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Holy Martyr - Hellenic warrior spirit - 80%

Radagast, February 20th, 2009

Released not even a year and a half on from their debut 'Still at war', Holy Martyr's 2nd full-length is a CD that both carries forward the strengths of its predecessor and also shows a surprising amount of development considering the short period of time that has elapsed between the release dates.

As rock-solid as the debut was, the biggest criticism I could find at the time was that for all its vigorous charms, the songs tended not to stray far from the marching, mid-tempo pace that dominated most of the CD. While still rooted in the pounding, militant beats typical of epic metal, 'Hellenic warrior spirit' definitely goes some way to injecting a little more variation in tempo, both across the CD as a whole and individually through some considerably lengthy songs that twist and turn in both mood and pace.

While of course still battle-themed, the lyrical focus this time around shifts from the Roman Empire to ancient Greece, specifically Sparta and the battle of Thermopiles. While a few pairs of eyes no doubt rolled at that last sentence, I feel duty-bound to point out that the band actually started this concept back in 2003 with their 'Hail to Hellas' EP (where a few of the songs on this CD began life), long before Gerry Butler was strutting about in front of a green screen in a pair of gold speedos. Guitarist and songwriter Ivano Spiga has even gone as far as to write some of the lyrics for the CD in Greek (Ancient? Classical? I wish I knew), and it adds an extra layer of drama to the songs. Further to this, there are also some pieces of rich, acoustic music that bridge the gaps between the main songs and increase the theatrical aspect of the CD no end.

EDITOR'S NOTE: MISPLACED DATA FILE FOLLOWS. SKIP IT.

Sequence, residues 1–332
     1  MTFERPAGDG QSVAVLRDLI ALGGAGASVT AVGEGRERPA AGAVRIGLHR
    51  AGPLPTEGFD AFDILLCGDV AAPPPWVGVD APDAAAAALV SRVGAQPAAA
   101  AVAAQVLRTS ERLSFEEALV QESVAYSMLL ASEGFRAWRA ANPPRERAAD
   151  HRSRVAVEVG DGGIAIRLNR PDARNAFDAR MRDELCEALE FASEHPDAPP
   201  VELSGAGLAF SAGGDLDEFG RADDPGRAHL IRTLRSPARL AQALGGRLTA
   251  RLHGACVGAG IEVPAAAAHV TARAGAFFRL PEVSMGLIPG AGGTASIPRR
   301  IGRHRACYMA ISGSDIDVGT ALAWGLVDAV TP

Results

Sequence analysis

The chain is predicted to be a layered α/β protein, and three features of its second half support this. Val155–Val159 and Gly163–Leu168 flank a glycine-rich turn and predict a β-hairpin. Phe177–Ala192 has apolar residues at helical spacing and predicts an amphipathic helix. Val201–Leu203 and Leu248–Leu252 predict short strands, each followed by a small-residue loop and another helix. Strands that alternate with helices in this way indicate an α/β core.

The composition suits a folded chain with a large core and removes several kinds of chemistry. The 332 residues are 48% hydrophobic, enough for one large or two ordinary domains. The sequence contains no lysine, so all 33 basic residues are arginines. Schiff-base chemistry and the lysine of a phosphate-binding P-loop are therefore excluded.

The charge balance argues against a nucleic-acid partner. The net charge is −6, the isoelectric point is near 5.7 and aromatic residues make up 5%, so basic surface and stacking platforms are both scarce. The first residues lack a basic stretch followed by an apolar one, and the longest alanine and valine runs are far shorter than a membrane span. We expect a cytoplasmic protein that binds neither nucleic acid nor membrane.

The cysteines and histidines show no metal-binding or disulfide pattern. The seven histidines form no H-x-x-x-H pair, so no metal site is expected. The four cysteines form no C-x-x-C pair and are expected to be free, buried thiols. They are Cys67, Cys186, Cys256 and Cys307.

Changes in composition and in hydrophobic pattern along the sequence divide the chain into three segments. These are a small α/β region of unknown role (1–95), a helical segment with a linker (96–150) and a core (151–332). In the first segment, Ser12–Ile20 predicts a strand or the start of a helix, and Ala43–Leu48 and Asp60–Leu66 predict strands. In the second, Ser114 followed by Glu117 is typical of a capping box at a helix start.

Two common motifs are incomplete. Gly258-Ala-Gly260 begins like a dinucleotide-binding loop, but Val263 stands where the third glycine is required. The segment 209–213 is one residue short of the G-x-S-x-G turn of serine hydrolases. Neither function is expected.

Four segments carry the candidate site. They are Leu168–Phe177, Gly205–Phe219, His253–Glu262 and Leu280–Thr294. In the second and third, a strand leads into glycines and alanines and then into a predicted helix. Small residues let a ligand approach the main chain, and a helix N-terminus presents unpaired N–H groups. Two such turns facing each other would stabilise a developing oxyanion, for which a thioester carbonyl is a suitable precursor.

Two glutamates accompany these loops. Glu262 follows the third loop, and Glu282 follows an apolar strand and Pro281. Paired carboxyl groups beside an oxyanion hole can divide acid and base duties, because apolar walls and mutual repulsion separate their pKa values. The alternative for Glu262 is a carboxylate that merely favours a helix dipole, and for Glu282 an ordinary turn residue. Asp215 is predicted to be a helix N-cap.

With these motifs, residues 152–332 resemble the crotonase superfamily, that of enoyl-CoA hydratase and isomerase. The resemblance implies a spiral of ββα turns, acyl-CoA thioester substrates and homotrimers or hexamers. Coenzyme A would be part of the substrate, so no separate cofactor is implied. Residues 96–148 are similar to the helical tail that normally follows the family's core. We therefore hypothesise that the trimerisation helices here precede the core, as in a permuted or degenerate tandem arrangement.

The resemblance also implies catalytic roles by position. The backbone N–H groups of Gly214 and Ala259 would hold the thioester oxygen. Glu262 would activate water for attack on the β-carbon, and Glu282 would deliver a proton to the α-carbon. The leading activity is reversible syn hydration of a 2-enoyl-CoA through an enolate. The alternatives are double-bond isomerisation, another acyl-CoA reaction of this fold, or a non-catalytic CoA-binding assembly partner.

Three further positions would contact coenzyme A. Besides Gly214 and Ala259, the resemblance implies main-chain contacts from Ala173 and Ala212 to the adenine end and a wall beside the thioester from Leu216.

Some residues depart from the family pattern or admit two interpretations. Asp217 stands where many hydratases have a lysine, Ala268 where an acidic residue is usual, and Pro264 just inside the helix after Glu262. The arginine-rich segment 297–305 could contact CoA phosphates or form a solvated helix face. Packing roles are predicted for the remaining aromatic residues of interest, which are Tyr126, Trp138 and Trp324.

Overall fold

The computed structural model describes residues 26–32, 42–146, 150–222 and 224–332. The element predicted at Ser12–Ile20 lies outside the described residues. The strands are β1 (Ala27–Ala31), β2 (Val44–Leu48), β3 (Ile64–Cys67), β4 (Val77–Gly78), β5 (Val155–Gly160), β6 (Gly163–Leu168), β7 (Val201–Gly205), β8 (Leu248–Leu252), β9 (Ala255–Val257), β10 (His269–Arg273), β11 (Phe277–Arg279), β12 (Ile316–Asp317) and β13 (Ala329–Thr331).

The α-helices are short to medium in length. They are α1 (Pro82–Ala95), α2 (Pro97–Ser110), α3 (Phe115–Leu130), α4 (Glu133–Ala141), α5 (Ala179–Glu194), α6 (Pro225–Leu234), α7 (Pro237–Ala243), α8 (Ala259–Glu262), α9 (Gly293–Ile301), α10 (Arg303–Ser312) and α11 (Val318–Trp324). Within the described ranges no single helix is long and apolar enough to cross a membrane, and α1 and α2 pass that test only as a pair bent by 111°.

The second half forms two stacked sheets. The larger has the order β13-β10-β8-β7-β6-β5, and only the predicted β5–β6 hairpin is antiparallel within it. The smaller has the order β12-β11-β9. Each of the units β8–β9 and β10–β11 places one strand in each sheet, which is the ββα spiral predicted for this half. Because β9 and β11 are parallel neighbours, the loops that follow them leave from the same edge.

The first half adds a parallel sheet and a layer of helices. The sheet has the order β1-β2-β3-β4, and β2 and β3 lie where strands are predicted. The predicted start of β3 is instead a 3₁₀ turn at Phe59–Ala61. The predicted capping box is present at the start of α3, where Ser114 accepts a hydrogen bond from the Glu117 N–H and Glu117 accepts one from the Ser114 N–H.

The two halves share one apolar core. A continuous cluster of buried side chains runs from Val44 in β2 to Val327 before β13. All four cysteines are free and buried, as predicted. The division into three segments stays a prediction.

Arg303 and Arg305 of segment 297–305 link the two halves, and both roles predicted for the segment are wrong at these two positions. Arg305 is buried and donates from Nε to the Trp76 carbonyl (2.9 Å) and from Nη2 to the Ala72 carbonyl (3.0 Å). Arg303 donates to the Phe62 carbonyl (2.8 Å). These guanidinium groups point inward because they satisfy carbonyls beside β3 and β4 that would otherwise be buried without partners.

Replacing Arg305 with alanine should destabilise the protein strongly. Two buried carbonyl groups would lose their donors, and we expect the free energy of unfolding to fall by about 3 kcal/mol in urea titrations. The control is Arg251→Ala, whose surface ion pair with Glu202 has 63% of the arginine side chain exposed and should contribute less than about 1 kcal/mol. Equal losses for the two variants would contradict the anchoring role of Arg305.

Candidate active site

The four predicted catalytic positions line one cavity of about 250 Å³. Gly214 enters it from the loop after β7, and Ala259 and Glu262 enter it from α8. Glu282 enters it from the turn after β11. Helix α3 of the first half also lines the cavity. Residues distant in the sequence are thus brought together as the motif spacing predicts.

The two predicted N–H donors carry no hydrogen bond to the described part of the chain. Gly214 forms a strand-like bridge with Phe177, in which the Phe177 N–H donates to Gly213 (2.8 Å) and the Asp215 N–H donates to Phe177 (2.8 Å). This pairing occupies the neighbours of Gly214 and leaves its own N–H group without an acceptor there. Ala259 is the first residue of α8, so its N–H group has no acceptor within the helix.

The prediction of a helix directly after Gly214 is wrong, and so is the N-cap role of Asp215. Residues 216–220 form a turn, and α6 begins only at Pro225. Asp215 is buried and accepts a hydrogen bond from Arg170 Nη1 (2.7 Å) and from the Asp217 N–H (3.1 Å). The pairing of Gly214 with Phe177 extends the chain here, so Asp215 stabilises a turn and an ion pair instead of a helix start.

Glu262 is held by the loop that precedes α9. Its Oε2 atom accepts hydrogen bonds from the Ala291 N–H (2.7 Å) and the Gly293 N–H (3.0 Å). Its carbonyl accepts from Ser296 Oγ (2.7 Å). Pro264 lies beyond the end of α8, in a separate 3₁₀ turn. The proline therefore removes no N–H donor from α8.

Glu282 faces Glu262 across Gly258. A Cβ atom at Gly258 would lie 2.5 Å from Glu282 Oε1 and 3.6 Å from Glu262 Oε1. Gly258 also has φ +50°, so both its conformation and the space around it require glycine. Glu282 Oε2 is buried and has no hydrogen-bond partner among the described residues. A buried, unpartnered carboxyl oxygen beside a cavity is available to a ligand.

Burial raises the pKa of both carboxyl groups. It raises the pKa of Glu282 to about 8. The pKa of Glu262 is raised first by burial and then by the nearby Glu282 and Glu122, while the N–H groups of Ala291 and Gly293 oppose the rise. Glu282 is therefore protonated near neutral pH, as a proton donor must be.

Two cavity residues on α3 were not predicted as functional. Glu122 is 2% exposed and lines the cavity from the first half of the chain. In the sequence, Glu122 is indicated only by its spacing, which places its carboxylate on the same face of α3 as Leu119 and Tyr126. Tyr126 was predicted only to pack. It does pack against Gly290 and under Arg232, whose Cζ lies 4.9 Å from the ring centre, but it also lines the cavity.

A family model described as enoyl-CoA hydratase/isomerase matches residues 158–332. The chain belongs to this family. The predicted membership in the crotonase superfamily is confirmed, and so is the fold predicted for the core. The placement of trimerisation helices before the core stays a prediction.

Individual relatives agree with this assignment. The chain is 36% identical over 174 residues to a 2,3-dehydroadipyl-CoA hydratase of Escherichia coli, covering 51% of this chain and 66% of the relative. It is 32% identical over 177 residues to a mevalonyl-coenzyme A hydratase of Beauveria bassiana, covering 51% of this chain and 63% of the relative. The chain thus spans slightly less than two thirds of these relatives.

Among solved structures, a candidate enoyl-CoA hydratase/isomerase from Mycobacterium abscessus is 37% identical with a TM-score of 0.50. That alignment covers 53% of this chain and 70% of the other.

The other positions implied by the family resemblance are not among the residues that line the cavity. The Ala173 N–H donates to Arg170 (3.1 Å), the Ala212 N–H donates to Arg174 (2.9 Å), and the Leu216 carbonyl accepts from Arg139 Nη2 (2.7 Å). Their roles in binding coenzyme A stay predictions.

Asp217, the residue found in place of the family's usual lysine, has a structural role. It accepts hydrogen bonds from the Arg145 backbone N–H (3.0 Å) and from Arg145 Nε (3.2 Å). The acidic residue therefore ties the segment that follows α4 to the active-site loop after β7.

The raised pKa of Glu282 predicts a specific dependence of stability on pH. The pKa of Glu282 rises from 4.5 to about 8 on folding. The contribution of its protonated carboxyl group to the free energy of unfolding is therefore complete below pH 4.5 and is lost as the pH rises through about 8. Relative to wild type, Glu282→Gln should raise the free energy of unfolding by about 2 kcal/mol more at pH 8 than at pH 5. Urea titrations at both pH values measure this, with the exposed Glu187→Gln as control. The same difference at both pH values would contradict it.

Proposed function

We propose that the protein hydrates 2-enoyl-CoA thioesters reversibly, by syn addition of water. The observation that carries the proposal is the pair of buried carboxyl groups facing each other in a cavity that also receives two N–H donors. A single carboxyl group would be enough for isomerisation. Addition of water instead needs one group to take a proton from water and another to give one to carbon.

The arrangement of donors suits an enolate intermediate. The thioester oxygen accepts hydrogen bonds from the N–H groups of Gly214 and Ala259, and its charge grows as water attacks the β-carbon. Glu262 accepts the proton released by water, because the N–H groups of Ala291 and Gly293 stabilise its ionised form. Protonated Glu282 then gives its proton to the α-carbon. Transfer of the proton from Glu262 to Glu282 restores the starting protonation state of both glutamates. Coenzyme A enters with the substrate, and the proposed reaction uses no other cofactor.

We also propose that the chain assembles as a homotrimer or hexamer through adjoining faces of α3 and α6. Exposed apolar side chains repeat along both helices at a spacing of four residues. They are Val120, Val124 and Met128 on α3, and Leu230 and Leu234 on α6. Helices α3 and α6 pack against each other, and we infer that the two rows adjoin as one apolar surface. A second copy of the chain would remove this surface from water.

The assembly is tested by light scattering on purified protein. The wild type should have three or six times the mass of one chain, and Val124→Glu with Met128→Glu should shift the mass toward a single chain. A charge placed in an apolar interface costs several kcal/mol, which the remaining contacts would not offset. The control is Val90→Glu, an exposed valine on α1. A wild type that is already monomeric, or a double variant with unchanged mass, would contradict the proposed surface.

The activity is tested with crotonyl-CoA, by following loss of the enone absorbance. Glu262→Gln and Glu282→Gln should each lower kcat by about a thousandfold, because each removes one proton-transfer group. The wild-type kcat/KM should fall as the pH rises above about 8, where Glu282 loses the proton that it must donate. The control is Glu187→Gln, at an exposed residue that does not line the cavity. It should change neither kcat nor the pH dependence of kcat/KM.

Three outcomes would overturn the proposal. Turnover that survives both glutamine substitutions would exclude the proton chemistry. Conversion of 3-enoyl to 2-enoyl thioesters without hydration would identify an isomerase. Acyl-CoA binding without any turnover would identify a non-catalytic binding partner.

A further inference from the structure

The general style of the music hasn't changed at all, however, and indeed why should it after such a successful debut? The epic, towering Cirith Ungol, Manilla Road at al approach that the band have been playing for years remains intact, but the biggest difference is that the songs here feel more developed and intricate than before, and this is where 'Hellenic warrior spirit' surpasses the debut CD. Gallopers like the mighty "Lakedaimon", complete with a pulsing drum beat very reminiscent of that on Manowar's "Revelation (Death's angel)" provide the aggression, while "Kamari, Andreia, Polemos" is typical of the more sorrowful side the band display this time around, a soft requiem to the doomed soldiers of the story.

The absolute best cuts though are those that manage to incorporate both aspects and weave them into lengthy, varied and - crucially – coherent songs that could sum the entire CD up by themselves. The brace of 8-minute giants near the end of the CD, "Defenders in the name of Hellas" and "The lion of Sparta", are stunning in their breadth and scope, and a testament to Holy Martyr's ability to write and perform epic metal songs that captivate and inspire.